The Washington PostDemocracy Dies in Darkness

Environmentalists filmed Iran’s vanishing cheetahs. Now they could be executed for spying.

A guard with the Asiatic cheetah conservation project in Iran reviews photos from a nearby camera trap. Eight conservationists charged with espionage could face the death penalty or up to 10 years in prison. (Frans Lanting/National Geographic Image Collection)

ISTANBUL — The nine conservationists had embarked on one of the most ambitious wildlife projects in Iran in recent years, setting camera traps in seven provinces to monitor the critically endangered Asiatic cheetah, whose dwindling population stalks Iran’s central plateau.

 They worked with the government, secured the right permits and received funding and equipment from abroad. But the researchers, all Iranian, soon drew the suspicion of the Revolutionary Guard Corps, a powerful branch of Iran’s armed forces, and were arrested last year for alleged espionage. 

Now, four members of the team charged with “spreading corruption on earth” could face the death penalty, and four others could be sentenced to up to 10 years in prison. The researchers, from the nonprofit Persian Wildlife Heritage Foundation, are awaiting a verdict in a trial that rights groups say has been marred by abuses and accusations of torture.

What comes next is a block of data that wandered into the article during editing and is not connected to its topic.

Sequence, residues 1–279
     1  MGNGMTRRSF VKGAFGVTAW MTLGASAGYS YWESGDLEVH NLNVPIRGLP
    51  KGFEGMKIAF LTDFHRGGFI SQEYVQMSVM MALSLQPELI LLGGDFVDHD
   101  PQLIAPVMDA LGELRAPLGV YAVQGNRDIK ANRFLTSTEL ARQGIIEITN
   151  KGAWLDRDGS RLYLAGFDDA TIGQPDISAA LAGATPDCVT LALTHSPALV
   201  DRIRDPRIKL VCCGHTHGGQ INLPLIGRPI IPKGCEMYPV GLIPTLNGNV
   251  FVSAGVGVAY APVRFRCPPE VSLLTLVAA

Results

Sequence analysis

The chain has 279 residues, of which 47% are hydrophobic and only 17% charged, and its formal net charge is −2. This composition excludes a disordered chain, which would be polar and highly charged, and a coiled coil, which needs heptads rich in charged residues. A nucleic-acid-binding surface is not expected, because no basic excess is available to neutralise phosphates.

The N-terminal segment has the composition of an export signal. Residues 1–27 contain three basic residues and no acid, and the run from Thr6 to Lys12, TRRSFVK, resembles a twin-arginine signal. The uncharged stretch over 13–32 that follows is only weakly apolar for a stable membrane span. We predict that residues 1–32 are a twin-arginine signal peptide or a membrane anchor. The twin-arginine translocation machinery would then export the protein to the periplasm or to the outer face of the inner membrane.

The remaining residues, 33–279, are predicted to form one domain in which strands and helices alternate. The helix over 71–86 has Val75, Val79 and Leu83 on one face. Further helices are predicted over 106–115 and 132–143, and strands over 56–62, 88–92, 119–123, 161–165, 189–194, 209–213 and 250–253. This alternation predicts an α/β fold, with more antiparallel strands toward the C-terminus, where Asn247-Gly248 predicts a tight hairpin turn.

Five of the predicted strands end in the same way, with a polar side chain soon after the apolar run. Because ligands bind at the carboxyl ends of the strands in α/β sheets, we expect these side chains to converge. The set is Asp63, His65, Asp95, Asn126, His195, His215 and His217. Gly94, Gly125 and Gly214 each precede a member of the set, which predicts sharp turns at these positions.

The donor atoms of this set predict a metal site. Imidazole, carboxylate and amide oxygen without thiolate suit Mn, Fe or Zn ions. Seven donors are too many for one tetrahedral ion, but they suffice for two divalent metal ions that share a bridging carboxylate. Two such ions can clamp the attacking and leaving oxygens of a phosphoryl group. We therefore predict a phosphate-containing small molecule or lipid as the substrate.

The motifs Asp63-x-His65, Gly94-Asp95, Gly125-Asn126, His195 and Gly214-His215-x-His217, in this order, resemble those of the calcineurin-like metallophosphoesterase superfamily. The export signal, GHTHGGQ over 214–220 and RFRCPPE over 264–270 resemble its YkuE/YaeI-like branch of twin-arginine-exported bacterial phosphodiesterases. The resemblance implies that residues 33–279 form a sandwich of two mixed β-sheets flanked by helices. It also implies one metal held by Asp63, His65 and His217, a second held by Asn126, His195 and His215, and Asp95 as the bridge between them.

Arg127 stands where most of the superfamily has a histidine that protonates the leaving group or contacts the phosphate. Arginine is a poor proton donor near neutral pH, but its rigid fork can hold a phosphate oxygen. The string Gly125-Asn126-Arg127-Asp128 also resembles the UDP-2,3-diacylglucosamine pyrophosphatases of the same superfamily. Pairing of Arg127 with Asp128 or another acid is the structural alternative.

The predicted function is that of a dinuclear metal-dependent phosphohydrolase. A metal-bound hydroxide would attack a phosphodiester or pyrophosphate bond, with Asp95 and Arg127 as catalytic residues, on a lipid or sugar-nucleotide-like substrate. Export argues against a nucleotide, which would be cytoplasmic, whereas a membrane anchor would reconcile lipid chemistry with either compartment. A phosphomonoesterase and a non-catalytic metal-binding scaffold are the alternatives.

The ninth researcher who was detained, the foundation’s chairman, Kavous Seyed-Emami, died in custody shortly after his arrest last year. Tehran’s prosecutor general said Seyed-Emami, a professor who also held Canadian citizenship, had died by suicide, but family members and colleagues have rejected that account.

“He was hopeful and optimistic about the country’s future,” Seyed-Emami’s son, Mehran, said in an interview. “He was never one to have hard-line or polarized views.”

The plight of the conservationists, described by friends and family as passionate champions of the environment, has highlighted what analysts say is the growing criminalization of scientific and scholarly research in Iran, spurred in part by the security forces’ profound suspicion of contacts with foreign institutions.

The Revolutionary Guard Corps has increasingly targeted academics, researchers, business executives and dual nationals for arrest, and the repressive campaign is taking a particular toll on Iranian efforts to address a mounting environmental crisis. In addition to concerns about vanishing species, the country faces dwindling water resources because of rapid urbanization and excessive dam building.

 The Persian Wildlife Heritage Foundation began using wildlife camera traps, deployed by researchers around the world, to track the intensely shy Asiatic cheetah amid concerns about its eroding natural habitat, which is threatened by Iran’s expanding mining sector and growing road network. The cheetahs now number fewer than 50, scientists say.